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January 19, 2018 | ‎ג׳ בשבט ה׳תשע״ח‎

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Four Common Misconceptions About the Flu Vaccine

Four Common Misconceptions About the Flu Vaccine

The flu is one of life’s great miseries. Up until the development of the vaccine, it was not uncommon for this annual menace to cause thousands of deaths each year.

Today, we’re a lot luckier. We have the flu vaccine.

Unfortunately, only about half of all those eligible will get it in any given year. This is despite the fact that the vaccine not only helps vastly reduce the possibility of dying from the flu but also helps reduce the risk of life-threatening side effects. There are many reasons that moms and dads choose not to get themselves or their kids a shot.

Here are some of the most common misconceptions about the flu vaccine.

You can get the flu from the vaccine

This is perhaps the single most common misconception about the vaccine. You cannot get the flu from the vaccine. The flu shot is a killed virus. It cannot give you the flu.

If you get the shot, you may feel poorly for a few days. That often means that the vaccine is helping your body produce the antibodies it needs to ward off the illness.

Keep in mind that the flu shot will take about two weeks to become effective. In the meantime, you are vulnerable to the flu. So, you can get the shot and then get the flu immediately afterward. This is why experts recommend that you consider getting a flu shot early in the flu season before cases start to become more widespread.

Pregnant and postpartum women should not get the vaccine

Pregnancy is a vulnerable time in your life. You want everything to go right with your pregnancy. This is why the vaccine can be particularly important when you’re pregnant.

During your pregnancy, your immune system may experience varied changes that make you more vulnerable to illness. Not only are you more vulnerable to the flu, you’re also more likely to get sicker if you get it.

Get the shot when pregnant and you’ll have a healthier pregnancy. One of the best things about getting the vaccine is that you’ll also protect your baby. Pregnant women develop antibodies to the flu after the shot. These antibodies are passed on to the baby during the pregnancy. Once out of the womb, your flu shot will offer your darling newborn a measure of protection against the disease.

The flu is harmless

That cold you had last year? A few days of sneezing and a runny nose? It probably wasn’t the flu.

While the flu can be mild for many people, this is not always the case. Even in healthy people, the flu can be hellish. You might spend a week or so in bed with a high fever, body aches, a hacking cough and other problems. You can continue to feel horrible for weeks. When I had the flu as a teen, I was in bed for over a week with a raging fever. It was nearly a month before I felt myself again.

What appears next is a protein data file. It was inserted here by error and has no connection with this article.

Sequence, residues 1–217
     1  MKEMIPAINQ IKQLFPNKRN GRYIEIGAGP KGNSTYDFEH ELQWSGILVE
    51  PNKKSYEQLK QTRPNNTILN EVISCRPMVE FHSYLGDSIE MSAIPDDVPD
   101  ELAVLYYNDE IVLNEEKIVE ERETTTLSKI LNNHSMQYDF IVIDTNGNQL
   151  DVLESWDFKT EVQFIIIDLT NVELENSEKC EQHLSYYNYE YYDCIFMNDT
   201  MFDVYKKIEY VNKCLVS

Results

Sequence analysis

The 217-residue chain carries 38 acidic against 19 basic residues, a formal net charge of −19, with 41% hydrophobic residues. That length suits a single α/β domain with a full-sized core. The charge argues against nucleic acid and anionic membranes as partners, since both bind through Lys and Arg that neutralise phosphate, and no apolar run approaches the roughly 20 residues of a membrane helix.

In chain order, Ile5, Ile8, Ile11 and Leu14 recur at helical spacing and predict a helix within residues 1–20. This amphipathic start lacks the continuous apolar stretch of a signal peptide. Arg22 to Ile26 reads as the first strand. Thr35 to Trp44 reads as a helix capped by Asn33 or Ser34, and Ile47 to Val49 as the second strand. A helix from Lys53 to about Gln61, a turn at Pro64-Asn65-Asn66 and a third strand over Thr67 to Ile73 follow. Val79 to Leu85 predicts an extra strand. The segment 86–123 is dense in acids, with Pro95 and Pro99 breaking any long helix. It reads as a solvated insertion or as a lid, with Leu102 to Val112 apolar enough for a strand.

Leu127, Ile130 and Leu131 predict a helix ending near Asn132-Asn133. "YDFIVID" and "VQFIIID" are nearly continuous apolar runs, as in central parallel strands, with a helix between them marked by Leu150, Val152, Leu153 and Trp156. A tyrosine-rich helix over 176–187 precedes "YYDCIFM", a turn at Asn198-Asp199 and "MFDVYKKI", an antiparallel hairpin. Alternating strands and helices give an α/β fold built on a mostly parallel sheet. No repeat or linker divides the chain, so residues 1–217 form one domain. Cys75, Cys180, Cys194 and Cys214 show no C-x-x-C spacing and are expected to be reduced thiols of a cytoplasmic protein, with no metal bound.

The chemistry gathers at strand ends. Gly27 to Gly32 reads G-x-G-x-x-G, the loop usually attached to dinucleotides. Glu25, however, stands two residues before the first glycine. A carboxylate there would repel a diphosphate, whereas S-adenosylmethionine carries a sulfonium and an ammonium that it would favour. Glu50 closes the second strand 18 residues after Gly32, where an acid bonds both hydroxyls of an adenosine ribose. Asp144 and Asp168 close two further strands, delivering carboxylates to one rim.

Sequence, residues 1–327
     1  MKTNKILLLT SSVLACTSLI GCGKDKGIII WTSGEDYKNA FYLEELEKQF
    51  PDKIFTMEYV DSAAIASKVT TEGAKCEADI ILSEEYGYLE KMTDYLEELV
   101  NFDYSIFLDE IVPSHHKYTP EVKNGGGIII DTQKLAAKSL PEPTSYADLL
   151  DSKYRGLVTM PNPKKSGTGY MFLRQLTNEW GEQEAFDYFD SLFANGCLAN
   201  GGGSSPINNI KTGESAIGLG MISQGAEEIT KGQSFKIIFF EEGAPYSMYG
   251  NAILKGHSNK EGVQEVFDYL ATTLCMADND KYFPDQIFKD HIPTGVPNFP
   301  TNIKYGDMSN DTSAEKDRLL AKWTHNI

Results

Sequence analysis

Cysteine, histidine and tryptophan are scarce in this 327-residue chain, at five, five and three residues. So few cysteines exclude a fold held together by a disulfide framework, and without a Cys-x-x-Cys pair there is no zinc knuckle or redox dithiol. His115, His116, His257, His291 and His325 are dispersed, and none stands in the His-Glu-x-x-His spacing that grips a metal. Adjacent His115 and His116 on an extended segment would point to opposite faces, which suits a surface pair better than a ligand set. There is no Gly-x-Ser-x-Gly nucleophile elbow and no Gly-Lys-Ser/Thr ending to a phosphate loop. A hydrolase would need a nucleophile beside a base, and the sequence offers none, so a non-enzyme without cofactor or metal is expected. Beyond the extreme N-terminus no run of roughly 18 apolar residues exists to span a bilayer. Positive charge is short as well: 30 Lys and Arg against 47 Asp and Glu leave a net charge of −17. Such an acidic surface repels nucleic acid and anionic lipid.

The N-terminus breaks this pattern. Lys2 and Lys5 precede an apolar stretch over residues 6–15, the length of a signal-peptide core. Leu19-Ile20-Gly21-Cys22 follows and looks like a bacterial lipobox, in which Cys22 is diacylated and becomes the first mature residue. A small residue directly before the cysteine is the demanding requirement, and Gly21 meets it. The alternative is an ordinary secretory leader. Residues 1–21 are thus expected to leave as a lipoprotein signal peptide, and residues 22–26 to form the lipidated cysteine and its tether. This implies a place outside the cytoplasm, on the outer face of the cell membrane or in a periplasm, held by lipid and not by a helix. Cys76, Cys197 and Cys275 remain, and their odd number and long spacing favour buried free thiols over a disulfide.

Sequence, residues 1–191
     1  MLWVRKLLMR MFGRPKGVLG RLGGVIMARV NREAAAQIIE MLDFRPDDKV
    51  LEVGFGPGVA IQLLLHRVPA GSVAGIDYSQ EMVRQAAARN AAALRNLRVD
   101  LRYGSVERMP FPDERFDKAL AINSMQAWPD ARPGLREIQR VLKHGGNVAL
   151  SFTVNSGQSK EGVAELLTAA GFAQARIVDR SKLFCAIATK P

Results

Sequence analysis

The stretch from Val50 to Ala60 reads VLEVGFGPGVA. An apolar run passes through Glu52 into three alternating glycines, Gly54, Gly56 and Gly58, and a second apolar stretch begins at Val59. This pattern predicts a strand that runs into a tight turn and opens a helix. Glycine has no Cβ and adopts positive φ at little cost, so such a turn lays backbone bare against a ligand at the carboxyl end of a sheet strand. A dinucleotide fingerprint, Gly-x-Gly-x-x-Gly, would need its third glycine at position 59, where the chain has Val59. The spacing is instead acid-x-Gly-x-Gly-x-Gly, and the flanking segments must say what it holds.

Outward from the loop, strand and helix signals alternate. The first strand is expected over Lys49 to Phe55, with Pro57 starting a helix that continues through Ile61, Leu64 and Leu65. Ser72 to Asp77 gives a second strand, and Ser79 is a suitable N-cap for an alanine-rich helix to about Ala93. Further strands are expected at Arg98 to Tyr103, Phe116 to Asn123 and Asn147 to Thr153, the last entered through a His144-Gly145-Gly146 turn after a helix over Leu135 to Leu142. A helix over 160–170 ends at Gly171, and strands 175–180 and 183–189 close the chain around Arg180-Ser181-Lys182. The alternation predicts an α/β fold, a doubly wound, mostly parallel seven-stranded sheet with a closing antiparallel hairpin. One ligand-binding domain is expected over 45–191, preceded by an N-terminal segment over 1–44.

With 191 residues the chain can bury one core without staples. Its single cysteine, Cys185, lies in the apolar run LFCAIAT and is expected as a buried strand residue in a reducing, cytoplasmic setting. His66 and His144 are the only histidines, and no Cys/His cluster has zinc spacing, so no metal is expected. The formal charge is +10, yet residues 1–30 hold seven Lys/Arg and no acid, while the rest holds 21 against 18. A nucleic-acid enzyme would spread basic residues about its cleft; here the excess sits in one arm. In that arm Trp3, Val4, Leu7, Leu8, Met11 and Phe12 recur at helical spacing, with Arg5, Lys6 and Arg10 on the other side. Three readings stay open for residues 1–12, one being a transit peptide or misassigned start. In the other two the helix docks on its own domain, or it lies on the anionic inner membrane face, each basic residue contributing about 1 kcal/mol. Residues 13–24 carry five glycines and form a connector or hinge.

In some cases, the flu can also cause terrible complications. Some people can wind up with heart problems or even a stroke while battling the flu. Babies and the elderly may be in special danger from agonizing side effects. Each year, thousands of people literally die from the flu. The shot is one of the best ways to help reduce your risks of catching it.

The vaccine does not work

The flu vaccine is not perfect. Each year a group of experts at the Advisory Committee on Immunization Practices decides which strains of the flu virus go into the shot for the upcoming flu season.

Members take into account data from all over the world. Three or four strains are put into the vaccine. The problem? There are other strains of the flu virus that can be circulating in any given community during the flu season. Your flu vaccine may not cover all of them.

However, the vaccine will still provide a measure of protection against the disease for the season. Even if you get sick, you’re probably not going to wind up in the ICU. Your vaccinated kids won’t need to spend days in the hospital with intravenous line and an oxygen tank.

The bottom line? The shot is imperfect. But it’s the best measure of protection we have against a nasty disease that still kills.

To learn more about getting a flu shot in your area, check

Author: Stacy Mintzer Herlihy

Stacy Mintzer Herlihy is a freelance writer and co-author of “Your Baby’s Best Shot: Why Vaccines are Safe and Save Lives,” (Rowman & Littlefield paperback 2016). Currently at work on a second book about teenagers and smoking, Ms. Herlihy lives in New Jersey with her family and two very spoiled mush cats.